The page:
Tan, the venture capitalist known for making an early bet on Baidu, the Chinese answer to Google, sticks to his assertion that Samumed, if successful, could be bigger than Apple.
“I think the potential is unbelievable. With the Wnt pathway, when it eventually is totally controllable, the sky is the limit because it is involved in cell birth, cell growth and cell death,” Tan says. “The key is nobody has been able to successfully manipulate the Wnt pathway safely and effectively. Samumed appears to be doing it in human trials.”
So far, the trials are small, preliminary studies, both Samumed and industry observers note. Since the groundbreaking discovery of Wnt signaling in the early 1980s, no other attempts to modulate it have succeeded, and tinkering with a system that regulates cell development clearly involves risk. In an article titled “Can We Safely Target the Wnt Pathway?” in Nature Reviews Drug Discovery, a publication of the journal Nature, Michael Kahn, a professor of biochemistry and molecular biology at the University of Southern California’s Keck School of Medicine who holds a joint appointment in pharmacy, likened the Wnt pathway to a “sword of Damocles.” Put most simply, targeting the Wnt pathway might cure cancer, but could also cause it.
“It is a death or glory target,” says Lowe, the industry blogger.
That, of course, lends itself to discussion of the high-stakes gamble reflected in the company’s $12 billion valuation. Investors include many with close ties to Kibar, and he says remaining privately held allows Samumed to proceed without shareholder pressure for quick results and requirements for public disclosure in what is by definition a long-haul endeavor. Inter IKEA Group, the retail giant’s private venture firm, has placed the largest bet among Samumed’s mostly anonymous outside investors. The operative phrase is “caveat emptor.”
“Anybody who is investing in an early-stage biopharma company has to be ready for it not to work out, because most of these don’t,” Lowe says. “The hope is just like if you’re developing some great new app: The hope is this is going to turn out to be something big.”
It’s a boom-or-bust world. Kibar and his team know that but remain confident.
“From a technical perspective, we don’t lose any sleep anymore, because we have demonstrated safety and efficacy and disease modification in enough programs that we believe we have already validated the broader platform,” Kibar says. “In terms of funding, we’re also in a fortunate position in that we have all the money we need to bring these programs all the way to approvals. With our first approval, the company will become cash-flow positive. And we have enough cash in the bank to get us to multiple approvals, so that gives us additional diversification.”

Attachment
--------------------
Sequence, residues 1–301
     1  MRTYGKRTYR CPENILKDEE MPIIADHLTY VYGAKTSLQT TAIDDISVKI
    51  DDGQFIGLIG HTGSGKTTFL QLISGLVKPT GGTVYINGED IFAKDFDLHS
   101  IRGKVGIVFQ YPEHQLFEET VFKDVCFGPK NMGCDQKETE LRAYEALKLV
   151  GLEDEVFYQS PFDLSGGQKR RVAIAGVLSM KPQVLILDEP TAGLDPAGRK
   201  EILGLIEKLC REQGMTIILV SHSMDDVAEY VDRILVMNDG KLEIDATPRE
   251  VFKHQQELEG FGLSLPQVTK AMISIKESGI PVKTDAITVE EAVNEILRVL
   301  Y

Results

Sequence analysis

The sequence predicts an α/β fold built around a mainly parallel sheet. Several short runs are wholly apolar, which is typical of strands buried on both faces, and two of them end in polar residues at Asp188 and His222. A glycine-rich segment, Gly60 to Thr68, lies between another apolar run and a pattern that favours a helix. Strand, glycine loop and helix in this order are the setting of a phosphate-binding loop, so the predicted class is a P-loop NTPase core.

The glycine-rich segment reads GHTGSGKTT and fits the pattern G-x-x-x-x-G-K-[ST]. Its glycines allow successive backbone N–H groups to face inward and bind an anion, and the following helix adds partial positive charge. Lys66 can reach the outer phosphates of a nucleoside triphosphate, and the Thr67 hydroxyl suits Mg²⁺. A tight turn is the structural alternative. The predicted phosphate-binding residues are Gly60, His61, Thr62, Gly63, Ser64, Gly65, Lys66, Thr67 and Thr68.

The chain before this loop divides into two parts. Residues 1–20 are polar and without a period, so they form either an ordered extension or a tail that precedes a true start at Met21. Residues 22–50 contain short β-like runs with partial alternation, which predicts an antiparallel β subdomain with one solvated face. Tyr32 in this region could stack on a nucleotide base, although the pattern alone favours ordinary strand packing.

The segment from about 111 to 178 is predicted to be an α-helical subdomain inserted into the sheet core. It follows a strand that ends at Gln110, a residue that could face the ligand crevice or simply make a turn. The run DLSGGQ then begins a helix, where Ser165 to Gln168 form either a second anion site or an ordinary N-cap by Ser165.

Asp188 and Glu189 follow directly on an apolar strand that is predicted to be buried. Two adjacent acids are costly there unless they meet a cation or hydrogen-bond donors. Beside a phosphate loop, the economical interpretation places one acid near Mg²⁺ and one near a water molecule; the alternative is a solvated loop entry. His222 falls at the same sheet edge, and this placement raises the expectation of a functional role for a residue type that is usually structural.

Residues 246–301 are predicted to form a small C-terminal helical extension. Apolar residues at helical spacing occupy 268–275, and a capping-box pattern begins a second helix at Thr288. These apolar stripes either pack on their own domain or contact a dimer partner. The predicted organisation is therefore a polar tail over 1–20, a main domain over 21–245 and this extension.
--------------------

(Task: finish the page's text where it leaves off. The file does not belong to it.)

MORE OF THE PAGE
The management team still on board after Hood’s departure is solid, united by decades-old friendship: Three of Kibar’s top executives also went to the elite Robert College high school. But he rejects any suggestion that he has simply surrounded himself with high school chums, saying instead that they have all reached such heights in their careers that the only reason a startup could have lured them is because of their confidence in him and his project.
The chief financial officer, Cevdet Samikoglu, cofounded a hedge fund, Greywolf Capital Management, after becoming a director and portfolio manager at Goldman Sachs following Harvard Business School. The chief legal officer, Arman Oruc, earned a master’s in economics from the University of Cambridge and a law degree at UC Berkeley before becoming a partner in Simpson Thacher & Bartlett, where he represented clients like MasterCard, Ericsson, LG and Novartis. And the chief medical officer, Yusuf Yazici, is an internationally known rheumatologist who has maintained his role as an assistant professor at NYU, where he is director of the Seligman Center for Advanced Therapeutics, which conducts all clinical trials in rheumatology for the NYU Hospital for Joint Diseases.
They are on a journey together along a path that still holds suspense.
“These are all long-term projects, taking a molecule from discovery to animal studies to clinical and then commercialization. You’re talking a minimum 10 years,” Kibar says. “The data—we are sharing it with the FDA, and we shared it with the doctors. Beyond that, no matter what we share, people will either not understand or not care or not believe. So those are the skeptics. And in certain programs, they may turn out to be right. We haven’t done it yet.”